Our previous studies have shown that the suppressive effect of κ-opioid receptor (KOR) ligand treatment on HIV-1AT (a T-tropic strain) expression in acutely infected CD4+ lymphocytes is time-dependent. This finding implied that the inhibition observed following treatment with KOR agonists such as U50,488 (trans-3,4-dichloro-N-methyl-N[2-(1-pyrolidinyl)cyclohexyl]benzeneaceamide methanesulfonate) occurs at an early step in the viral replication cycle, perhaps as early as viral entry. In the present study, we examined the hypothesis that U50,488 treatment of CD4+ lymphocytes inhibits HIV-1 envelope (Env) glycoprotein-mediated membrane fusion. We used a vaccinia virus-based assay to measure the effects of U50,488 treatment of CD4+ lymphocytes on HIV-1 IIIB Env glycoprotein-mediated fusogenic activity, based on the cytoplasmic activation of a reporter gene. The results show that U50,488 inhibited Env-mediated cell fusion in a bell-shaped concentration-response manner with suppression ranging between 31 and 98% at concentrations of 10-8 and 10-10M (N=9 experiments). U50,488 was also found to inhibit cell fusion when monitored in situ with 5-bromo-4-chloro-3-indolyl-β-D-galactopyranoside (X-gal) staining. Blockade of the inhibitory activity of U50,488 by the KOR antagonist nor-bialtorphimine (nor-BNI) suggested that U50,488 was acting via a KOR-related mechanism. Using flow cytometry, we demonstrated that the chemokine co-receptor CXCR4, but not CD4, is down-regulated as a consequence of KOR activation, with 44.2±3.5% suppression at 10-10M U50,488. These findings support the hypothesis that KOR-related activation of CD4+ lymphocytes inhibits HIV-1 entry via down-regulation of CXCR4.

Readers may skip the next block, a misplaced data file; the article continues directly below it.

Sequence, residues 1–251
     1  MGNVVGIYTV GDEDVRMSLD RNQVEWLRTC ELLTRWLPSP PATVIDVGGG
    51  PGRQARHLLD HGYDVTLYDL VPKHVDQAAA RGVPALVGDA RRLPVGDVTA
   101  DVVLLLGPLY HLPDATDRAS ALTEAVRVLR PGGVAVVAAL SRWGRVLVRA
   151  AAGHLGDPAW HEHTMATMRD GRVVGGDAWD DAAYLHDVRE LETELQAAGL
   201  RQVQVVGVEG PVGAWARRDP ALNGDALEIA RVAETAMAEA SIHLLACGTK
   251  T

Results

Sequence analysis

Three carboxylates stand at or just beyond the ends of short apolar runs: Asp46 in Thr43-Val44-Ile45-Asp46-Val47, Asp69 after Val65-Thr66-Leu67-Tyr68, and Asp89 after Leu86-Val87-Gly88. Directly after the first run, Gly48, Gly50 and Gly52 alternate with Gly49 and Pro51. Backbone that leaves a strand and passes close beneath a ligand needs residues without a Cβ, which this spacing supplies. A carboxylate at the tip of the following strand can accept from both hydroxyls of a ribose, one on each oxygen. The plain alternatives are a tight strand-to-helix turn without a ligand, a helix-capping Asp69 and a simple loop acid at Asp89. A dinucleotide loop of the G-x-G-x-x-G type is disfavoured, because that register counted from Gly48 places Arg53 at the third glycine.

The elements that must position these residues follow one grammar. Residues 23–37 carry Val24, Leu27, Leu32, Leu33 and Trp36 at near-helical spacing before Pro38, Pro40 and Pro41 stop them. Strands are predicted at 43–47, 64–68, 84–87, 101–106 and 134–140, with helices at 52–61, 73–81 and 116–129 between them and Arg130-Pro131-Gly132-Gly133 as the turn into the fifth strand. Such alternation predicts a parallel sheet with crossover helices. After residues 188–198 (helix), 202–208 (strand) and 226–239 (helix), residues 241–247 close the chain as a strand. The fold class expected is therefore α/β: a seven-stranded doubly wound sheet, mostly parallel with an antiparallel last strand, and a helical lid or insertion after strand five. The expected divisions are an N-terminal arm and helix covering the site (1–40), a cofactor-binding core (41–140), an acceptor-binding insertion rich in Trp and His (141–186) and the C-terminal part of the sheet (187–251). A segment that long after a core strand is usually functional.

- κ-Opioid receptor